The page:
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la scapigliata @lascapigliata8
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I often hear trans activists claim that they are so special, the entire field medicine "knows nothing about them" and on that account they dismiss all medical opinion that doesn't validate their demands. As a doctor, I disagree.
Humans are largely the same, medically speaking. There are some more or less obvious and important differences in anatomy and physiology of individuals. Sometimes a large group of individuals can be recognised based on those differences, other times differences are individual.
Say your heart points to the wrong side of your chest (dextrocardia) - rare but important. Or ulnar nerve runs in the wrong position - rare and not very important unless you throw a ball a lot. Or your body becomes resistant to insulin (diabetes) - common and very important.
Sometimes 99% of humans can be divided into two groups based on one important difference, for example whether they contribute to reproduction by producing ova (women) or sperm (men). This function is like any other important function, like producing insulin to manage blood sugar.
The fact something went wrong in an individual human so they don't produce gametes, for example, is analogous with someone's pancreatic cells failing to produce insulin. These are abnormalities, and medicine studies them in order to help, if possible.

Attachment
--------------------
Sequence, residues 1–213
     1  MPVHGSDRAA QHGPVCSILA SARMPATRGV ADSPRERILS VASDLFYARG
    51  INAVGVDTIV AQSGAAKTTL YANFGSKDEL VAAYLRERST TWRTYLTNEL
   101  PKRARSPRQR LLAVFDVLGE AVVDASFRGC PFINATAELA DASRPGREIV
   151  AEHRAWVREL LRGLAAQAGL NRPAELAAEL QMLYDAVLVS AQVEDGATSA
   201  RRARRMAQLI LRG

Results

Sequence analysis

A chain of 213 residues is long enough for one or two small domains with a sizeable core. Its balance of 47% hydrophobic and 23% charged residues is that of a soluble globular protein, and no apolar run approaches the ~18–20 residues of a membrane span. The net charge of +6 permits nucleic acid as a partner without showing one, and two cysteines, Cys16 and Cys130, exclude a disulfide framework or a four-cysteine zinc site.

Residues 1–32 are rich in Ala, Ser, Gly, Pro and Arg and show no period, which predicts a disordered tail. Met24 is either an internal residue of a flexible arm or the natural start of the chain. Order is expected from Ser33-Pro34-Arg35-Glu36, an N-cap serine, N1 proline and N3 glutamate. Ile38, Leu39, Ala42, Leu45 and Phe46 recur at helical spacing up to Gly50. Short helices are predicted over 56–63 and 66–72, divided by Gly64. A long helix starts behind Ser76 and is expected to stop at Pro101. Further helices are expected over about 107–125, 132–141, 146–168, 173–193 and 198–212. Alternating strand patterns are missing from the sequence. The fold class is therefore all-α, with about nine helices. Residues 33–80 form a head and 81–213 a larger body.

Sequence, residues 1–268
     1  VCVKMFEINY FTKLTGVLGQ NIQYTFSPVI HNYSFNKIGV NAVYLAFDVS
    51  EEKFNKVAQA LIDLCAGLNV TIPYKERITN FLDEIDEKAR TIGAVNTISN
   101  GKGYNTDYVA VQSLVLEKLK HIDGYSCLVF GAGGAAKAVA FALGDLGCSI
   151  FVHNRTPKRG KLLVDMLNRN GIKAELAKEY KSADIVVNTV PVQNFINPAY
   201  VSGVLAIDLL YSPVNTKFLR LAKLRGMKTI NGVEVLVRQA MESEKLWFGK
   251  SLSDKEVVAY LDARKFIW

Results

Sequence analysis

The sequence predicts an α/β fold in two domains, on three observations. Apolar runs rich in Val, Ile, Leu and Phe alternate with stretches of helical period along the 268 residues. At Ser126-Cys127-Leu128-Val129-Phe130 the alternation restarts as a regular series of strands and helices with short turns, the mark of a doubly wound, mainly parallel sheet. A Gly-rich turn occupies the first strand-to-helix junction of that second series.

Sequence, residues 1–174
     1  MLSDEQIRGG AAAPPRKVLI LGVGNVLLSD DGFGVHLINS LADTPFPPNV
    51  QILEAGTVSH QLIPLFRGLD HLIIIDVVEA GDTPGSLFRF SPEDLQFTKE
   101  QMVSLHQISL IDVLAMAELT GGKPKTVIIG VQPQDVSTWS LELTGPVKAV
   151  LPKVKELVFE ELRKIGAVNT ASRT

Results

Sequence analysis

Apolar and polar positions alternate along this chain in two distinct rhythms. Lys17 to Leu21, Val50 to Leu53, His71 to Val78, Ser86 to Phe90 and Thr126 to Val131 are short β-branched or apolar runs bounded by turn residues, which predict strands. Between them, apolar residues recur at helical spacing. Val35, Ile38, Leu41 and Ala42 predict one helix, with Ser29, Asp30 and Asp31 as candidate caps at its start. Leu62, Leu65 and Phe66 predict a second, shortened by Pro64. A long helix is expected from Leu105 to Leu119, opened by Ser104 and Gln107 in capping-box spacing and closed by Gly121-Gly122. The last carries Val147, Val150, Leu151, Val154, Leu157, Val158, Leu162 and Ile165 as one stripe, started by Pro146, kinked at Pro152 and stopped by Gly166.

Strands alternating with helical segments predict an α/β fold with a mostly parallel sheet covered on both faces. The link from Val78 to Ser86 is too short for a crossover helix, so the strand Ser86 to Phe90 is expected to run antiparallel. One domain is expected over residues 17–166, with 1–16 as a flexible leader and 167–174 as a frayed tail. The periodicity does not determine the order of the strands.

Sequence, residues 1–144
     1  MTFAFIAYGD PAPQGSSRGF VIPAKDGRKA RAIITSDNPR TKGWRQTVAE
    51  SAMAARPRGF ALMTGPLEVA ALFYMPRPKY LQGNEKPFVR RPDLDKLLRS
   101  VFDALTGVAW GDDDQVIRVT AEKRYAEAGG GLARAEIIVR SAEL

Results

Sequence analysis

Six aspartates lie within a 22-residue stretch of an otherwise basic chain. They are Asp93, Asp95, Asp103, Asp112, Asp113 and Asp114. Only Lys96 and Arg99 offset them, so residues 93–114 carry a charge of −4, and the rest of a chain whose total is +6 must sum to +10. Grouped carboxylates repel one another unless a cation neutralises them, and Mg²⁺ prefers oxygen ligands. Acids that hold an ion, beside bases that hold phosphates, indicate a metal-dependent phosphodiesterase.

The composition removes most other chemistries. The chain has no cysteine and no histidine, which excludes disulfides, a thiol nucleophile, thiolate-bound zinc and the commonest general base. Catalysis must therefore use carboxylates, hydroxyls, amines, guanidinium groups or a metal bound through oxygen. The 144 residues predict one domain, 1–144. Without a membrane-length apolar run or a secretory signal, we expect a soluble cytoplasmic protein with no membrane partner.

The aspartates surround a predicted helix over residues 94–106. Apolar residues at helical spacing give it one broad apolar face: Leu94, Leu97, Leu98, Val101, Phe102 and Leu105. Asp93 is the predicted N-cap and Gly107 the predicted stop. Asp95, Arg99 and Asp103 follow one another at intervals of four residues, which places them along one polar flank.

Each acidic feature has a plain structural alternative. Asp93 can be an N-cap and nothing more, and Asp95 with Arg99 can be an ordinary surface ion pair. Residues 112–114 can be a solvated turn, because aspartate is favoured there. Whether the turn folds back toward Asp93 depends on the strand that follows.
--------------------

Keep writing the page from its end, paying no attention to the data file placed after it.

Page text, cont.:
Abnormalities aren't "variations of normal" because they prevent or limit normal function. Diabetics don't have "alternative yet normal metabolisms", nor can they think their way into managing glucose without insulin. Some abnormalities interfere with life more than others.
For example, not being able to concieve a child isn't life threatening to anyone other than that potential child, whose existance isn't assured anyway due to incredible complexity of conception, gene combination and development. Which doesn't mean people won't be upset about it.
I like to think about body and mind as a continuum, except body can exist without the mind but so far, it's not possible for it to be the other way around. Literally everything that happens to our body registers in the mind somehow, whether we are aware of it at the time or not.
This is why I love psychiatry, we focus on the mind while being mindful of the body, while a lot of traditional medicine and especially surgery focuses almost myopically on the body alone. "Refer to psych" is the throwaway comment often applied to difficult patients.
Some of the most notoriously difficult patients from a doctor's PoV are those who are paranoid or deluded or have personality disorders, all of which can not only make their medical problem worse, they can create the problem, or an appearance of it.
Depression is sometimes reported as a headache, a delusion as desperate need to amputate body parts, a hallucination as repeated attempts to remove alien micro chip from one's abdomen, anxiety as hypochondria, panic attack as heart attack.
Medical doctors naturally pursue physical diagnosis at first, but at some point it becomes clear it's psychological. If they are seeing these people over time, they can start to feel "heart-sink" because of patient's distress and their inability to help them.
What a lot of people don't know is that most doctors are terrible optimists. We are reluctant to give bad prognosis or simply give up. This is why we keep referring these patients to each other, hoping the expert in a different field of medicine might have a cure. Often they do.
But when they don't the patients inevitably end up being psychiatry's problem. And that's ok, that's what we're here for, it's why we are trained as doctors first, so we can keep looking after the mind, while remaining mindful of the body.